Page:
State-owned banks were accused yesterday of ripping off borrowers by charging over the odds on mortgages. Analysts said the majority of lenders rescued by the Government in the banking bailout charged more than average for home loans. Only Royal Bank of Scotland bucked the trend.
"Some state-funded banks appear to place a higher priority on getting out of Government ownership, rather than helping with competitive rates the customers who supported them," said Michelle Slade, of the financial website Moneyfacts.
"The large amount of money pumped into some well-known banks is still a sticky point with many taxpayers. Many hoped that the state-owned banks would be at the front of the queue for unlocking the mortgage market, but this isn't the case."
Moneyfacts analysts compared interest rates offered by the biggest mortgage lenders with the market average, basing their research on a two-year, fixed-rate deal for someone able to put down a 25 per cent deposit on a home. They found the Cheltenham & Gloucester was the worst culprit among the state-owned lenders. C&G – part of Lloyds Banking Group which is 41 per cent owned by taxpayers – charges interest of 4.57 per cent compared to the average of 4.19 per cent.
The second state-owned lender in Moneyfacts's list of shame is Northern Rock – 100 per cent owned by the taxpayer – which charges 4.37 per cent. In third place is the Halifax, also part of Lloyds Banking Group which charges an interest rate of 4.27 per cent. Lloyds defended its mortgage lending, saying: "We have one of the deepest and widest ranges of mortgage products available and work incredibly hard to maintain a comprehensive range.
"Our 75 per cent loan-to-value fixed rates start as low as 3.74 per cent and the rate can be further reduced by at least 0.2 per cent if customers also have a Halifax current account and pay in a minimum of £1,000 each month."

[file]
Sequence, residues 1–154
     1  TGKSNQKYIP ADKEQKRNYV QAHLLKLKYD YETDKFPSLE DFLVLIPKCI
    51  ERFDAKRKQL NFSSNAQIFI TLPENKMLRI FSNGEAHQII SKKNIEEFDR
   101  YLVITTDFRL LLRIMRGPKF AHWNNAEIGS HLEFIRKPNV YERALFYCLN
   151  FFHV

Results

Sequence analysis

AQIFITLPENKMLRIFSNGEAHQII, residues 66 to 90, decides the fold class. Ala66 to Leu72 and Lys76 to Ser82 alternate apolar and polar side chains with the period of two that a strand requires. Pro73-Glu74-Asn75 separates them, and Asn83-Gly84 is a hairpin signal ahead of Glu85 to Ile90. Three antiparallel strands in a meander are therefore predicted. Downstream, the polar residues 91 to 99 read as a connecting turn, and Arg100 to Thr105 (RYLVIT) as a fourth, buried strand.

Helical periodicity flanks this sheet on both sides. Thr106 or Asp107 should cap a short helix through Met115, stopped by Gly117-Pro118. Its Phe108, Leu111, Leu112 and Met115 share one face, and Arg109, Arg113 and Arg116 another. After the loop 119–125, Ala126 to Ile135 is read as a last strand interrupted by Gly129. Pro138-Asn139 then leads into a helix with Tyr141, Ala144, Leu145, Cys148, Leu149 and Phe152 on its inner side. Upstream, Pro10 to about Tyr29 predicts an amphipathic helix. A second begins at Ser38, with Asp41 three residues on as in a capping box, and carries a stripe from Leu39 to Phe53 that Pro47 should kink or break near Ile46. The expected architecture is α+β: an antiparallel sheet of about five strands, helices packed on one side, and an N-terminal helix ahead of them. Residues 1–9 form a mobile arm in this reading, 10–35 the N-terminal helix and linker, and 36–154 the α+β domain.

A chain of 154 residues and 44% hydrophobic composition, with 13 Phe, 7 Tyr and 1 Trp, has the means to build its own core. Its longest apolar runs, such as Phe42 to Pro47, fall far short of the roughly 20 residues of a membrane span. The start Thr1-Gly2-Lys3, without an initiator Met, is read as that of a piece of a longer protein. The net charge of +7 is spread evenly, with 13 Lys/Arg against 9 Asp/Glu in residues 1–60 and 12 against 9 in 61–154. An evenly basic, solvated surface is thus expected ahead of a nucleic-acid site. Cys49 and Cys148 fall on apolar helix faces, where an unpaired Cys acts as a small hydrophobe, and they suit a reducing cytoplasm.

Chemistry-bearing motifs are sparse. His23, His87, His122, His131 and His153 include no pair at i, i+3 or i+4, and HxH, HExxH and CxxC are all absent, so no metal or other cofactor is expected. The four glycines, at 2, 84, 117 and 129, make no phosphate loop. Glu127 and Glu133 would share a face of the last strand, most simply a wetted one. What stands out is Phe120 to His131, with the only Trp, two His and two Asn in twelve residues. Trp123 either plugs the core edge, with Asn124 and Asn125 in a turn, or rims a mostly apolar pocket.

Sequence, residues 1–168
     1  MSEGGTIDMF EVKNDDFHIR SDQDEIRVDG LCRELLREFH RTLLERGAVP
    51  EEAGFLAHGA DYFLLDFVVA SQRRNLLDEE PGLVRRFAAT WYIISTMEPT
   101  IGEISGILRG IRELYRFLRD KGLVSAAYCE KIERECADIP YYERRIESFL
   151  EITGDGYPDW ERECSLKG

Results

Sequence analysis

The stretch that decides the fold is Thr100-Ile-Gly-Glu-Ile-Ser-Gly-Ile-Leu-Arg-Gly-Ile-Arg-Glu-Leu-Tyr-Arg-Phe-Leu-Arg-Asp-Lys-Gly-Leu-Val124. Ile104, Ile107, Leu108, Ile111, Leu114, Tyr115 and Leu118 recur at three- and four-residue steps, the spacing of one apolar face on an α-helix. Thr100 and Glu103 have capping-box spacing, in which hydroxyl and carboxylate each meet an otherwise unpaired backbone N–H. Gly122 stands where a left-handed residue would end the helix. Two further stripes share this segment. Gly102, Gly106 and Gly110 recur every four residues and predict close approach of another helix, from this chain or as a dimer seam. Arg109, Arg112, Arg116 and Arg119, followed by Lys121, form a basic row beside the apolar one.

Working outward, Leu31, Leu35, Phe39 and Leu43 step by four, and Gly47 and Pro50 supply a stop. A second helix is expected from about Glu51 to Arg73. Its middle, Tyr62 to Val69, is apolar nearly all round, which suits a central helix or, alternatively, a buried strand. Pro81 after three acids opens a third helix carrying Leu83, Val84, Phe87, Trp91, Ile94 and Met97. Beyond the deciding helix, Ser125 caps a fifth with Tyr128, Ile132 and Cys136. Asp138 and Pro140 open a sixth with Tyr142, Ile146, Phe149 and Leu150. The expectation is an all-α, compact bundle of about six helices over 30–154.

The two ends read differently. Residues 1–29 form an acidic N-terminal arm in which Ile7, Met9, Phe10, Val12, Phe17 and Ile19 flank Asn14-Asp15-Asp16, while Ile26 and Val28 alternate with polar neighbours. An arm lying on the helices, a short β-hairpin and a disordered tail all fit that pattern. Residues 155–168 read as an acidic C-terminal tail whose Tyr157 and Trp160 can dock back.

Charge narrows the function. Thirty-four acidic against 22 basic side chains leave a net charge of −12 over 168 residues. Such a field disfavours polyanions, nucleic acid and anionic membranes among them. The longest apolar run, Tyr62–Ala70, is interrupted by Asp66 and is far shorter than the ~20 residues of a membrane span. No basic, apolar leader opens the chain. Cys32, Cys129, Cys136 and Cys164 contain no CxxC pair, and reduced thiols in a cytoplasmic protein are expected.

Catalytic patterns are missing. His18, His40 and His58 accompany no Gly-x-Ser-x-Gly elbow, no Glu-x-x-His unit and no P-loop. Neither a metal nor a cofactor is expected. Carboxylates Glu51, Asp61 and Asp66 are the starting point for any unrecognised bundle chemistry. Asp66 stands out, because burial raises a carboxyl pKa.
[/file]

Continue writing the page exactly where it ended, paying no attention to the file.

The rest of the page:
However, other analysts said it made sense for state-owned banks to keep new mortgage lending to a minimum. Andrew Hagger, of the website Moneynet.co.uk, explained: "Banks were bailed out by the Government on the back of some risky lending practices, so you can see why they are keeping their rates out of the best buy tables.
"From a taxpayer's points of view, it doesn't look like the banks are playing fair, but unfortunately ... it is not that simple. They've got enough on their plates without having to cope with the new business that more competitive rates would bring."
Michael White, of Email Mortgages, agreed, saying: "State-funded banks are caught between a rock and a hard place. Having taken government money to survive, their priority has been improving their balance sheets so they will not require further rescue packages down the line, which does not marry up with the provision of mortgage products at competitive rates."
However, topping the Moneyfacts poll was the 84 per cent state-owned RBS, where the average rate for a two-year fixed deal was 3.84 per cent.
"Given that many state-backed banks are required to lend significant amounts of mortgages, you could expect more of them to be offering relatively competitive deals," said David Black, an analyst at Defaqto.Reuse content